Protecting drinking water from droughts and sea level rise in the Marshall Islands


drought
The 2013 drought took a toll on the ecosystems of the Marshall Islands atoll, leaving a trail of damage that will last several years. UNDP Photo

By the time the government declared a state of emergency last year, the wells had long run dry in the drought-stricken northern reaches of the Marshall Islands, and families had started fleeing towards the capital Majuro.

Located north east of New Zealand, these picture-perfect idyllic islands are set so low in the Pacific that there are few freshwater reservoirs or sources of groundwater. In September 2012 when the rains failed, it led to a twin crisis of drinking water shortages and damaged crops across the atoll.  

By late February, “our breadfruit, pandanus, banana, and coconut trees were dying, the salinity level of underground lenses [freshwater sources] were high, and household water catchments had run dry,” remembers Nathan Jake, a resident and school teacher on the tiny Ujae Atoll.

HIGHLIGHTS

  • In 2013, the Marshall Islands suffered an extreme drought that threatened drinking water and crops. 20 per cent of the population was affected.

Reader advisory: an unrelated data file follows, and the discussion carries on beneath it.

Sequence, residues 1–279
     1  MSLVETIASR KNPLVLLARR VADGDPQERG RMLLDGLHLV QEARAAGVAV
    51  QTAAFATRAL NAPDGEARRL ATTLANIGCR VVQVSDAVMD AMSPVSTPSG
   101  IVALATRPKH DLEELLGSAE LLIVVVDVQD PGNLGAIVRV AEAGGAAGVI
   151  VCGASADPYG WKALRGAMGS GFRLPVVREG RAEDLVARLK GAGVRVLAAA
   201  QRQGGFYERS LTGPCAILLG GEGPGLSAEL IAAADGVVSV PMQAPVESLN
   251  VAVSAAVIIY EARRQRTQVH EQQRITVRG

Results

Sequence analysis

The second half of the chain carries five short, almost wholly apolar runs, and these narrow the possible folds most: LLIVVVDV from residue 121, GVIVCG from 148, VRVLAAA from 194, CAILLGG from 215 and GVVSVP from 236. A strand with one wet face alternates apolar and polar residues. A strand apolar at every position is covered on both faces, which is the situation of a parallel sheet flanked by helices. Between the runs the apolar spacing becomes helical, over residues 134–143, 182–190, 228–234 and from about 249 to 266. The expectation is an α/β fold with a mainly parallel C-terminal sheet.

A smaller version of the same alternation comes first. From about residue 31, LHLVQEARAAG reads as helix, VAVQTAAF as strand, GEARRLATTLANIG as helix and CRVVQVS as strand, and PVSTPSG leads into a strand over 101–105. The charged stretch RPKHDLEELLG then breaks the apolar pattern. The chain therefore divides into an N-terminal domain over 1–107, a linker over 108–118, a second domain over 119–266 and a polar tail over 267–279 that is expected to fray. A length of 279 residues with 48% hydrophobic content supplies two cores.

• With support from UNDP, the government has improved rainwater collection in the capital city of Majuro and installed solar-powered water purifiers in more remote areas.
  • The reservoir project has increased Majuro’s freshwater stores, which can now last the city 3-4 months in an emergency.
  • 186 solar water purifiers will be delivered to far-reaching communities throughout the country.

When the rains finally did arrive eight months later, 11,000 people had already been affected by the drought  - about 20 per cent of the population of the Marshall Islands. Aid agencies warned that it would take months to replenish freshwater sources and bring crops back on the cracked fields.

Unfortunately for the residents of these islands, freshwater crises are becoming more and more common.

With climate change causing more extreme weather events, the Marshall Islands finds itself with too much sea water rising and not enough fresh water falling. The 34 islands that make up the atoll nation are only an average of 3-4 metres above sea level, and will be heavily inundated with a 1-metre rise in sea level. Coupled with changes in rainfall patterns, the country’s already limited fresh water is at risk. In a recent speech on climate change, the country’s president Christopher Loeak said “I fear that life in the Marshall Islands may soon become like living in a war zone.”

Recognising the urgency of the dwindling water supply, the Pacific Adaptation to Climate Change (PACC) Programme is working to increase the availability and quality of drinking water in the Marshall Islands. So far it has helped improve the collection and storage of rainwater in the Majuro reservoir and installed solar water purifiers in more remote areas.